New life-saving kits installed at North Van high schools

‘Stop the Bleed’ kits complement school district's AED and defibrillator program

In the unlikely event of a major injury, there’s now another tool at North Van high schools’ disposal that could likely save a life.

The District of North Vancouver Firefighters Charitable Society recently donated a set of comprehensive “Stop the Bleed” kits to all North Vancouver secondary schools, with assistance from the North Vancouver City Fire Department.

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The clearly marked life-saving kits contain six items which are specifically designed to stop, or drastically slow down, a major bleed in the unlikely event of a serious injury, according to North Vancouver district firefighter and charitable society spokesman Scott Ferguson, who added the kits aren’t your standard first aid kit in that they’re designed specifically for one purpose.

“If you have a really bad thing happen … even just an accident where someone has an arterial bleed, these kits are made to stop that and basically to save someone’s life while they’re waiting for first responders to arrive,” said Ferguson.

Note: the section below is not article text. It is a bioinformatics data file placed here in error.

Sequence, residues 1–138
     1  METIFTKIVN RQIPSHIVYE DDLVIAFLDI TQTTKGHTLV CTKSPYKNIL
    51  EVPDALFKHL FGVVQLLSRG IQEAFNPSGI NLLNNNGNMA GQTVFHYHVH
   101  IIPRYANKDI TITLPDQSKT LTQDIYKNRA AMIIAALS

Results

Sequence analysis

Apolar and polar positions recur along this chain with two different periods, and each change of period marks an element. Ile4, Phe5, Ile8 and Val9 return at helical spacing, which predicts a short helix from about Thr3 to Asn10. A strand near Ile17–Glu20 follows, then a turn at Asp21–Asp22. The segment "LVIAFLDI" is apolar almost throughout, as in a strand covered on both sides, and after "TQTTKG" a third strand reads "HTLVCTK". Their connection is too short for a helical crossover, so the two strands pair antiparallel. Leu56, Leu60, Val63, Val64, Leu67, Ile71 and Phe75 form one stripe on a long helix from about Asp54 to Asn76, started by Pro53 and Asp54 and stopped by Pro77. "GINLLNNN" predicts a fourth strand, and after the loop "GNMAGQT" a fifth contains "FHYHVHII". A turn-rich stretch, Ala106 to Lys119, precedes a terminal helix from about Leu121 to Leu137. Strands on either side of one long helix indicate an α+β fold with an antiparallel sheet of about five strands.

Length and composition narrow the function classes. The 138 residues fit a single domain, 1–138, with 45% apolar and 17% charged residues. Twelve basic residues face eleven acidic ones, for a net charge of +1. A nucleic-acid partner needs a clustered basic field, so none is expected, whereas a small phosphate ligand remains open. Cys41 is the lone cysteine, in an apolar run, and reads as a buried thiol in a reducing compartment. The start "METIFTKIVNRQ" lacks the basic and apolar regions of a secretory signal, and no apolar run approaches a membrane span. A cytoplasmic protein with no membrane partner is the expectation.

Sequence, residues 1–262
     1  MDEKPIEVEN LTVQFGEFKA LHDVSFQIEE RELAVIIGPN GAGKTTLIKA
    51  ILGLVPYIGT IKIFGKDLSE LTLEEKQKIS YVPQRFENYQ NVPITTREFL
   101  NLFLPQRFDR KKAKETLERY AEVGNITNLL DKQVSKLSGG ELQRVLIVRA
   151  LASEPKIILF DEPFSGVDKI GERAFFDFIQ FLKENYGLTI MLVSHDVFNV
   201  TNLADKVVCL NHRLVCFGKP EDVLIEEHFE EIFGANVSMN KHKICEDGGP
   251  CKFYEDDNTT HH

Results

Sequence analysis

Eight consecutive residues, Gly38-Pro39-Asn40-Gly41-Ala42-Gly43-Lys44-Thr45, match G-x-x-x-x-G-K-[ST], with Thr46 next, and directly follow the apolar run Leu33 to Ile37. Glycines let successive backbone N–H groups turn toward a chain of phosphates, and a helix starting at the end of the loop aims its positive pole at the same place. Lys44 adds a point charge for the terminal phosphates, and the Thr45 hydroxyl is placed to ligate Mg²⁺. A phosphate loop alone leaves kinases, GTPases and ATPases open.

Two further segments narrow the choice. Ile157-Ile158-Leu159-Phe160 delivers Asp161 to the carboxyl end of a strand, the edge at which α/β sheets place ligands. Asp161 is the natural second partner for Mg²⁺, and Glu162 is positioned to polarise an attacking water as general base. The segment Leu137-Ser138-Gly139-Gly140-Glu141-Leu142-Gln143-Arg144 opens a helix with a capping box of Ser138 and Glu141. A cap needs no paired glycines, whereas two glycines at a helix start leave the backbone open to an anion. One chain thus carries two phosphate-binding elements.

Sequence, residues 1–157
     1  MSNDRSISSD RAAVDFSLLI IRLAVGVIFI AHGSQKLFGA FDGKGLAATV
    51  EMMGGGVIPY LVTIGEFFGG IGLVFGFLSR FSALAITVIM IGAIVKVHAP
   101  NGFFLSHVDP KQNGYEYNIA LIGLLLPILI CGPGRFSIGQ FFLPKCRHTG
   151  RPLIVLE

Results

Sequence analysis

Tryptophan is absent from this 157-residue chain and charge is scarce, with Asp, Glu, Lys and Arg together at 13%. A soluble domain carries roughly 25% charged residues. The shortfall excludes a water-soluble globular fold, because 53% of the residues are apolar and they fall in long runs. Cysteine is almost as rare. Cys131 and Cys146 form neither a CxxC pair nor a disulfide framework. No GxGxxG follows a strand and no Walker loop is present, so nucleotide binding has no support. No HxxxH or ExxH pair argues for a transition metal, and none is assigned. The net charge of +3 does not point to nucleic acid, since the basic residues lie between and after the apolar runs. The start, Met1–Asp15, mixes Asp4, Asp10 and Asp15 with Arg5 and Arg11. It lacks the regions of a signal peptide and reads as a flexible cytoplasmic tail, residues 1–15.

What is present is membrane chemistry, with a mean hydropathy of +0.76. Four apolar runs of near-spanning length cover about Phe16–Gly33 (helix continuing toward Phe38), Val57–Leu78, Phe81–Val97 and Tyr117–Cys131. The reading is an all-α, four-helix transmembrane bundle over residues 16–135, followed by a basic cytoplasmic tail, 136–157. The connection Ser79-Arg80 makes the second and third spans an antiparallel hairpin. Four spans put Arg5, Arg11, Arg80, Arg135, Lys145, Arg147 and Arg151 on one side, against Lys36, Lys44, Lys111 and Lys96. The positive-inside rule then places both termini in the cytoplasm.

Each Stop the Bleed kit contains a pair of medical gloves, scissors, a permanent marker, a tourniquet, a hemostatic gauze, and one Israeli bandage, also known as an emergency bandage, which are designed to stop hemorrhage wounds in pre-hospital emergency situations.

“We agree that the kits should be placed anywhere the public congregates,” according to Ferguson, who added the Stop the Bleed kits have been placed alongside the school district’s set of defibrillators and AEDs, which were phased in at North Vancouver high schools at the start of the school year.

“We think it’s a good idea to have them with the AEDs, because those are obviously there for a major emergency situation where someone’s heart has stopped or they’re unconscious – these Stop the Bleed kits are for a major emergency where someone’s bleeding out and needs to get that bleeding stopped immediately,” said Ferguson.

Training provided by firefighters on how to properly use the kits is now being offered to teachers and staff, according to North Vancouver School District spokeswoman Deneka Michaud.

While an instance of having to use the Stop the Bleed kits would be extremely rare, Michaud said the school district was “really thankful” the charitable society donated the new life-saving kits.

“Student and staff safety is our top priority and being able to have another kit or resource available that can be life-saving for our community is incredibly valuable,” said Michaud.

The Firefighters Charitable Society’s annual Time to Talk and Barn Burner fundraising event and concert are slated for June 6 and 8, respectively.

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